Tick, tock.

The wall-mounted clock declared the passing of another second. With each stroke, Felicia imagined someone somewhere marking another tally in an invisible ledger, debiting some cosmic account. How much time that account had left, who could say? The thought that Death could visit her at any time terrified her, and she was determined to keep the mysterious figure at arm’s length for as long as possible.

Tick, tock.

The clock spun on, and with it, time. But that was about to change because Felicia had discovered something during one of her restless nights, a quirk of the cosmos that might allow her to pass on this temporal debt to someone else, theoretically providing her own account with an unlimited balance.

But can I really steal time from someone else?

Technically, the answer was yes. Morally, however, Felicia was in murkier waters. The night she’d dreamed up her trick, she’d obsessed over the ethical consequences. How could she steal one person’s life in order to extend her own? The answer, she’d decided, was in numbers.

Steal from just a few people and it’s basically murder, but steal from a large enough group, say, an entire population, and it’s like filching pennies from someone’s coffee table, technically wrong but hardly worth noticing.

Indeed, if her theory was correct, the loss to any one person would just be a second or two here, a minute or two there. Hardly worth noticing. Hardly worth feeling guilty. Only that had never sat quite right with her, and she’d spent many nights since her epiphany debating with herself.

But her fear of death and the unknown was a powerful motivator, and in the end, Felicia decided to go through with it.

Tick, tock.

Now, even though she’d chosen to test her theory, she hesitated. Because, she thought, it was a line that, once crossed, would change her in some terrible, irreversible way.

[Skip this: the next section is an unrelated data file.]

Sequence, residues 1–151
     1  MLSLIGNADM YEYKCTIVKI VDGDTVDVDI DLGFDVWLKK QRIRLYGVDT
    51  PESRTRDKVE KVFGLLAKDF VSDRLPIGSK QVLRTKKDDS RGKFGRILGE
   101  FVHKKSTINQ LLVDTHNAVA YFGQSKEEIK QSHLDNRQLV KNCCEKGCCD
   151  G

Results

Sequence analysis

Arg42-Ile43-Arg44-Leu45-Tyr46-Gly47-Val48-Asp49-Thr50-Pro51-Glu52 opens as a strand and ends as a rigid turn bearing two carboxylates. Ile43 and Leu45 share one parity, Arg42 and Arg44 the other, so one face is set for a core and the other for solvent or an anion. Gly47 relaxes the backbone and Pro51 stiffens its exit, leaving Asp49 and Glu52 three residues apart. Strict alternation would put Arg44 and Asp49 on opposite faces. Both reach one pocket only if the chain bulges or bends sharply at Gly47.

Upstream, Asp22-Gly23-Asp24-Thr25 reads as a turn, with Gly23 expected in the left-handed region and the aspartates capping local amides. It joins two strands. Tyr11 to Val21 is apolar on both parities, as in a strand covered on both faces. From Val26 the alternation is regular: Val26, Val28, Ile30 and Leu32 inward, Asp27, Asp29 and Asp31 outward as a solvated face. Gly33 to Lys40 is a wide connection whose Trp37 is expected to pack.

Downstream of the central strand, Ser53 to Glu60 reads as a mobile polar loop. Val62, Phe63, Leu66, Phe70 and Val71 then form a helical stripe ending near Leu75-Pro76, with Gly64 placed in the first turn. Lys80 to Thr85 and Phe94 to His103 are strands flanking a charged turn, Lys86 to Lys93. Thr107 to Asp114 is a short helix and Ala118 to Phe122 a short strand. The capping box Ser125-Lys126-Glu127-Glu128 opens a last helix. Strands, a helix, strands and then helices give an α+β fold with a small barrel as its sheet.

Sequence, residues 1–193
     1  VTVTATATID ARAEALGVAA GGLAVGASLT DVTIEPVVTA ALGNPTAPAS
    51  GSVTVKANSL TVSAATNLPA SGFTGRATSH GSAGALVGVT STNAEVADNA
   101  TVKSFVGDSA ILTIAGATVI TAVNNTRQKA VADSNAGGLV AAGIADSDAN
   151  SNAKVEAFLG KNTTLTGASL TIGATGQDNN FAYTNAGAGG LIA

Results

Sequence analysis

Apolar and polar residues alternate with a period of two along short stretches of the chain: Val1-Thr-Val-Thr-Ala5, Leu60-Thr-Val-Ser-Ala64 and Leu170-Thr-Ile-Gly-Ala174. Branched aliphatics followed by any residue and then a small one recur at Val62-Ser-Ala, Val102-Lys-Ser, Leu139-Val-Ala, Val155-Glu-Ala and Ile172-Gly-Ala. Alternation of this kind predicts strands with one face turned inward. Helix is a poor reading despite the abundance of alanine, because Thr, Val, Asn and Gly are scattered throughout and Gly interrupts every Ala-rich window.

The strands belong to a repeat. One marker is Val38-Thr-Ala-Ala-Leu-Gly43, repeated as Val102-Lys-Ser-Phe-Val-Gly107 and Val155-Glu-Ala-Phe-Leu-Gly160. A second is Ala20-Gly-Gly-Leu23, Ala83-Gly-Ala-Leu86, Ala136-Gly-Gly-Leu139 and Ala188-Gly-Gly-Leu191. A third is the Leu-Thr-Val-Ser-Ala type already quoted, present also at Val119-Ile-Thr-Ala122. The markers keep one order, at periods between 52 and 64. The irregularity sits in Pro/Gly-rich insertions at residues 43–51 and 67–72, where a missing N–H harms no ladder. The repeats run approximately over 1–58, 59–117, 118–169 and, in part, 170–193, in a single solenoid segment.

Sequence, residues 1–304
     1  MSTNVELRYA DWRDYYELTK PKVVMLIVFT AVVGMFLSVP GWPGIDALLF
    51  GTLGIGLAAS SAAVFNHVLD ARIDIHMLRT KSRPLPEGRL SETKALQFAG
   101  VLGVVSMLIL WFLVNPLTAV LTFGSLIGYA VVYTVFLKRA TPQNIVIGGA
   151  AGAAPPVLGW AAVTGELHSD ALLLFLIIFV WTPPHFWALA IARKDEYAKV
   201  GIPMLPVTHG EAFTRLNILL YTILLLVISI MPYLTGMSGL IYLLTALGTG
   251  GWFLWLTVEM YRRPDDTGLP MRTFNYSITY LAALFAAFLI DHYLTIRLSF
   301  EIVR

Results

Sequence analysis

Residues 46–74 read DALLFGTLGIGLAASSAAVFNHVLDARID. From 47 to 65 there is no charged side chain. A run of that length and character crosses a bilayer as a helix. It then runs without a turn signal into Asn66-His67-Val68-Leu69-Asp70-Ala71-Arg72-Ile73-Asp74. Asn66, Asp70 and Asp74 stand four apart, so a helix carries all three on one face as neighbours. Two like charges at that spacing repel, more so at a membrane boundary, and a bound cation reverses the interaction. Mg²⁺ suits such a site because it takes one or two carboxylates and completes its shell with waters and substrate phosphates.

It’s just a test, a proof of concept. I won’t be taking anything of value.

But all time was valuable. This Felicia understood more than most.

Tick, tock.

Felicia shuddered.

Just do it. What are you afraid of?

At last, Heart pounding, Felicia closed her eyes.

Before the blackness danced a shimmering ocean of blue and silver fibers. These, Felicia had learned, were the threads that connected every human being to the cosmos and whatever lay beyond. Through these fibers, every mortal creature received their individual allotment of time, and once it was used up, their thread would be severed.

Felicia made out her own, vibrating to a unique and familiar beat. She took hold of it with her mind, then hesitated again. All she had to do was brush her thread against any one of a billion others. If she did so just right, the friction generated would divert a few small units of time, forcing them instead to flow into herself. But she was still afraid of how such a theft might taint her soul, and even now, on the cusp of acting, she was afraid.

I can’t, whispered a voice inside her head.

You can, whispered another.

It’s wrong.

It’s just a couple of seconds. They won’t notice a thing.

It was such a convenient lie, and after one last moment of self-doubt, Felicia decided to proceed.

Carefully, calmly, she surveyed the other threads. There, beside her, was one that seemed thick with vitality. She reached, her own thread firmly in hand, and—

A spark, followed by a flash. Startled, Felicia rebounded, almost tumbling out of the couch and onto the floor. She waited for her inner vision to clear, and when she was able to perceive the consequences of her actions, she gasped. Somehow, her thread had entangled with a thousand others. The resulting friction had sucked them all dry, leaving them burned out and severed.

Felicia licked her suddenly parched lips.

Tick, tock.

A thousand threads severed.

Tick, tock.

A thousand lives lost.

No, she thought. No, that can’t be.

But it was. A thousand human beings had died instantly, a sacrifice that imbued her with more time than she knew what to do with.

I’m a murderer.

Dazed and numb, Felicia didn’t realize until much, much later how long she would have to live with that fact.